Answer: Yes, if the background check is conducted by a third-party agency on behalf of the employer. The employer must obtain your consent in writing before the background check is performed.
Explore This IssueJuly 2013
Q: Can an employer check your credit as a condition of employment?
A: Yes, but the credit report won’t include a credit score. It will include information about credit payment history and other credit habits. It should be noted that many human resources professionals are reluctant to do credit reports unless it is relevant to the job. Some states have restrictions.
Q: Will background checks include old criminal convictions or arrest records?
A: Criminal convictions can be reported indefinitely under federal law. The state you live in might offer more protection. The Fair Credit Reporting Act does not allow screening agencies to report an arrest that happened more than seven years ago. However, the rule doesn’t apply to jobs paying $75,000 or more.
Q: Can a background check include medical information?
A: Medical information requires your written consent and must be relevant to employment.
Q: Are you entitled to a copy of your background check?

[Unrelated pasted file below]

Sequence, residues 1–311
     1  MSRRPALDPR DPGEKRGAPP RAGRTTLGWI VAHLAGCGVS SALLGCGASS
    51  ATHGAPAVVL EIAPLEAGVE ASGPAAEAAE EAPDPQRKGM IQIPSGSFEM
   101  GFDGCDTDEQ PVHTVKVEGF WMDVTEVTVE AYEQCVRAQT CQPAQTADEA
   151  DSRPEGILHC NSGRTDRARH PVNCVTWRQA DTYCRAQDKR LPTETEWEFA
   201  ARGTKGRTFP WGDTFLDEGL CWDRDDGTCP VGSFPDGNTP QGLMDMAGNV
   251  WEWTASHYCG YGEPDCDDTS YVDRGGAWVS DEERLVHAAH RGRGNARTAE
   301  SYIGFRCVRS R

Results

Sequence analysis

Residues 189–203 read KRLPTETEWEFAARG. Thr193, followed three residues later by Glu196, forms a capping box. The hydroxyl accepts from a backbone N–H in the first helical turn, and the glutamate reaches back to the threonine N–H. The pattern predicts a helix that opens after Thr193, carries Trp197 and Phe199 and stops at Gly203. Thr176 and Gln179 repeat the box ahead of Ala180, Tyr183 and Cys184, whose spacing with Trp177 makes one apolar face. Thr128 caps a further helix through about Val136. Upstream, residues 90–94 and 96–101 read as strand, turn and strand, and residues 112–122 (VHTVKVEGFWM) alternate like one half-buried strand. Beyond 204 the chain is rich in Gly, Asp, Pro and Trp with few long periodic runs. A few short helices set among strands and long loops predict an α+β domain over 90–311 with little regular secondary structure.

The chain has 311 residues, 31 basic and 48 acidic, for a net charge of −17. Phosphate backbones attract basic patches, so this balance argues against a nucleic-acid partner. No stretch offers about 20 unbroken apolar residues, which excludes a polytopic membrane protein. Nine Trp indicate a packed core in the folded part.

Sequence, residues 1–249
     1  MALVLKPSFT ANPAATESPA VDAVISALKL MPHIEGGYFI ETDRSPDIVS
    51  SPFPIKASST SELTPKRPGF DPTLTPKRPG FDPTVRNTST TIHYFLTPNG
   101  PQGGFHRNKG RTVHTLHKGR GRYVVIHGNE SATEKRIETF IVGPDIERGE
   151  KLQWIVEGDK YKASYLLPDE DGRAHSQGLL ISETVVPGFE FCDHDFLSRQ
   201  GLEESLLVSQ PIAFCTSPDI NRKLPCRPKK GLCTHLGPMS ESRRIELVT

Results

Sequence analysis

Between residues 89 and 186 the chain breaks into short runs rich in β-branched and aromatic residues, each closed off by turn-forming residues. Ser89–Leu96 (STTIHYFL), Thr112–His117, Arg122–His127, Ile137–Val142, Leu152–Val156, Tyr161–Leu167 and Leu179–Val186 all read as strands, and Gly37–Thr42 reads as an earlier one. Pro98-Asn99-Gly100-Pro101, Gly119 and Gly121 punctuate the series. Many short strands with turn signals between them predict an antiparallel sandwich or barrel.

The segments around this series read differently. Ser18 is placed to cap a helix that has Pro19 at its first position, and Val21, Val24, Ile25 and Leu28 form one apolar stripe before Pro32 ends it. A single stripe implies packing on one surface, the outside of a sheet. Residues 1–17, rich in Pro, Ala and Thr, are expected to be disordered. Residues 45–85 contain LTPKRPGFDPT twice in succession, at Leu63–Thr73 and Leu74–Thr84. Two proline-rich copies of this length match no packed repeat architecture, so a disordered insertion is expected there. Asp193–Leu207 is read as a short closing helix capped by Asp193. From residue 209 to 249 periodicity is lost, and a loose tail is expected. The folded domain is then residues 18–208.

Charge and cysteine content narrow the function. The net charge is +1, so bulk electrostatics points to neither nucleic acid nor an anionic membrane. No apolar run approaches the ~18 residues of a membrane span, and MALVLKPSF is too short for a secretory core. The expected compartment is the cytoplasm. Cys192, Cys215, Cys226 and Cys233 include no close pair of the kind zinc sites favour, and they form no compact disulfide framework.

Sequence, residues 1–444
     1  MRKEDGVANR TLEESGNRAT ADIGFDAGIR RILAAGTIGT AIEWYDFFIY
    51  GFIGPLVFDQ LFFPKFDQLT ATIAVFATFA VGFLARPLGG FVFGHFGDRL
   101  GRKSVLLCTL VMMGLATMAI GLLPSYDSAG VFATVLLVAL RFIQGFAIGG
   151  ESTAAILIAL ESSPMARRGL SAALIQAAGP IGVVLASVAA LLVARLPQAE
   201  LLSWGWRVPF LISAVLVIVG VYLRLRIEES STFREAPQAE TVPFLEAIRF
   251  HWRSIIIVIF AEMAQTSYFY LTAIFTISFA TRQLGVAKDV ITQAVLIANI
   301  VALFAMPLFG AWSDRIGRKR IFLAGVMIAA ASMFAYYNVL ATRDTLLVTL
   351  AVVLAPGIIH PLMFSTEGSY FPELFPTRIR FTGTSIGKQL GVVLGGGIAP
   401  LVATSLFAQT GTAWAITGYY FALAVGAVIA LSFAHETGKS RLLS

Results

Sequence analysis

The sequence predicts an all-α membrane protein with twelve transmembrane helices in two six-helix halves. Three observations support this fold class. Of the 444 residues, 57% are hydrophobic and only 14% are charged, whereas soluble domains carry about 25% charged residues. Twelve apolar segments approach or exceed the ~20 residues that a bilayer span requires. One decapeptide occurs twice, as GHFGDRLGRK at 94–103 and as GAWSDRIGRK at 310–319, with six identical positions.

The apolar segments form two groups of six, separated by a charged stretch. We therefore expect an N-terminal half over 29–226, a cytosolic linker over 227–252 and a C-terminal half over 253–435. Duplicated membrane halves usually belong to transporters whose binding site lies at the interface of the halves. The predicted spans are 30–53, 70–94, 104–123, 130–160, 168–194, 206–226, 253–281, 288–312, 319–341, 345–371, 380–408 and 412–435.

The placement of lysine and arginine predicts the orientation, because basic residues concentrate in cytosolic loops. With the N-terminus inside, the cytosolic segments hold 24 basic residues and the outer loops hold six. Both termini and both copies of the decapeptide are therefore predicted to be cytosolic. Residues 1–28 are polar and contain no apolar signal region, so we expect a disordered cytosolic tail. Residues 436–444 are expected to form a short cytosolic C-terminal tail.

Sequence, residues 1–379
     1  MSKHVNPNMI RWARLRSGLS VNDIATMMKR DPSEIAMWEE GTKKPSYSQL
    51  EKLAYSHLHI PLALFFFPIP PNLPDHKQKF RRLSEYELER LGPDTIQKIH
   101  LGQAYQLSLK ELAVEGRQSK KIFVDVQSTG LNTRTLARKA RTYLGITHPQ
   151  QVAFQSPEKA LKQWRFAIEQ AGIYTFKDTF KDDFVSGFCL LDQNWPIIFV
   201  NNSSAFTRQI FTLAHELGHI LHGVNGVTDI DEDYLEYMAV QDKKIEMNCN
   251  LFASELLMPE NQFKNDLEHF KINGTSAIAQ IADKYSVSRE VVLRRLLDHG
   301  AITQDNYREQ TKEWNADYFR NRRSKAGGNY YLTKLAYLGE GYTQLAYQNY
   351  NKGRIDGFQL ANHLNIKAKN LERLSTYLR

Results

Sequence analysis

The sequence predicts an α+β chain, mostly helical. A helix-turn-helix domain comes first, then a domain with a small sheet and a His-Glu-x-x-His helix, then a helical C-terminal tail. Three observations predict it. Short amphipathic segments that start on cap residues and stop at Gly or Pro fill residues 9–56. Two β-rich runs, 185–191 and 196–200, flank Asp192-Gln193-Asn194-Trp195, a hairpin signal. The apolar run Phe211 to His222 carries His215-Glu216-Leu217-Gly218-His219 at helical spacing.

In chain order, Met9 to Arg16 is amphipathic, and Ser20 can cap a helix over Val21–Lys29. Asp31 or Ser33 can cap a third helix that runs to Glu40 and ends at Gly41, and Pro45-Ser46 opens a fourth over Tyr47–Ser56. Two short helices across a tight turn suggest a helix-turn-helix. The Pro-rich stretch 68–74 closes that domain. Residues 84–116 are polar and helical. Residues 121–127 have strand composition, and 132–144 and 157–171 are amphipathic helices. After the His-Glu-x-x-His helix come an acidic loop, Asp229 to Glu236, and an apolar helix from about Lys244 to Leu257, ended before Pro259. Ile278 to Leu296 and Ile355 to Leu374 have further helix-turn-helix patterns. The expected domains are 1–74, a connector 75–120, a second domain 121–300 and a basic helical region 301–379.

A: Yes. When an employer informs you that a background check will be done, ask for the name of the screening agency. Contact the company and request a free copy of the report.
Q: What can you do if the information in the background check is erroneous?
A: Submit a written dispute with the company that conducted the screening. The company must investigate your claim and provide you with written results of what they find. Also, take steps to fix the inaccuracy at the source (i.e., court or credit issuer) so the same incorrect information doesn’t surface if another agency conducts a check.
Sources: Fair Credit Reporting Act, Privacy Rights Clearinghouse, Employment Screening Resources, Cogent Healthcare